I'm feeling a little amped up over this subject tonight, as must be obvious from my rambling.

The little town in which I opened the first tattoo studio now is home to two. One is owned by someone who owns a few, and it is a corporation. Nothing wrong with that, but it does speak volumes to me about the owner's number one priority: money and liability issues. Tattooists and customers alike generally believe in near mystical ideas of what getting a tattoo and being a tattooist mean, and owning a corporation is not part of it. Once upon a time, being the star of a reality TV show would have been seen as selling out, too, but that's another story.

These days, everything has changed, but a lot of folks haven't quite gotten that. Most tattoo studios are as authentic as Hot Topic. They're carefully designed to look like places where you'll have an outsider outlaw experience, kind of a Disney-ian idea of a tat shop. The average tattooist is still a fuck up, and the shops hire and fire 'em quickly. The really good artists generally open small studios that only do custom work.

One thing still hasn't changed a bit. Tattooists and shops still talk shit about one another. Some of it's true, and some of it isn't, but when was that any different?

In 1961, New York City made tattooing illegal. The reason was that tattoo shops spread hepititis. The real reason was that there was so little business that some tattooists spread a rumor that another shop was spreading the disease. Their rumor backfired. No work for anyone.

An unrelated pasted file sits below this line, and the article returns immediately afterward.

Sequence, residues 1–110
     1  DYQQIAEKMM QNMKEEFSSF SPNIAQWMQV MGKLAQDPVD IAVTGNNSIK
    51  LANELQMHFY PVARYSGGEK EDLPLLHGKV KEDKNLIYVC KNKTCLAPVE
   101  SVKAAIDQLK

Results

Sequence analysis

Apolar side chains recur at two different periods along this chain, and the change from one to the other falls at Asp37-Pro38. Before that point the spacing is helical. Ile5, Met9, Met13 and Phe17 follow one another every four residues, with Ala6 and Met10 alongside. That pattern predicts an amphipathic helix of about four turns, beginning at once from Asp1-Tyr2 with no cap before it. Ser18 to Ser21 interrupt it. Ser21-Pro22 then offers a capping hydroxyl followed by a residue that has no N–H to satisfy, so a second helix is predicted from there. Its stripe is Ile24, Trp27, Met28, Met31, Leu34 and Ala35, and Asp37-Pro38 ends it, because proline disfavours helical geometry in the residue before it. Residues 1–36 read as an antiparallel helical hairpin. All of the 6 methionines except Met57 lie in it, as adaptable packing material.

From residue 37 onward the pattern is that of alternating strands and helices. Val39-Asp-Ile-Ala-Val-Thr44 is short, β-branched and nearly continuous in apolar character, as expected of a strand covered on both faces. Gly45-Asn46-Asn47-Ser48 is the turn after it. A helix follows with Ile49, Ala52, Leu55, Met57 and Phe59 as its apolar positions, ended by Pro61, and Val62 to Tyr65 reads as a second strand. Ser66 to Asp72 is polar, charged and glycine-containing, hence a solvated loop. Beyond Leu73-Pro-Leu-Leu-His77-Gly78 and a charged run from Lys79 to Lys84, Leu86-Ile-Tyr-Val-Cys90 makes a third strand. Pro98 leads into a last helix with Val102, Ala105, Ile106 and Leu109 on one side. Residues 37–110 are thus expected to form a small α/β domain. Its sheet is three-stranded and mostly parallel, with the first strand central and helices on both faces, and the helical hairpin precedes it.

If there's a moral here for the present day, I can't pull it together.

Image note: This is where you'd sit to get tattooed by Tatts Tommy, the first person who opened a licensed tattoo studio in Maine. Contrary to what most people think, Tommy was not a Mainer. He had been a tattooist on the Bowery in New York City in 1961, when it was made illegal. Having always enjoyed hunting and fishing in Maine, he came up here to ply his trade. It was a good move. The guy was not much of a tattooist, but he was a colorful and sometimes truly offensive individual. When I first met him, I stuck out my hand to shake his. He was the oldest living tattooist in the country, so I was thrilled to meet him! Well, no sir, he would not shake my hand. He pulled down his lower lip to show me the "Fuck You" tattoo he had hidden inside. Then he said, "A woman's place belongs in the bedroom and kitchen, naked, not in the tattoo parlor." Heh, I'm glad I met the guy.

Thursday, January 6, 2011

Ambivalent post (neither the first nor the last)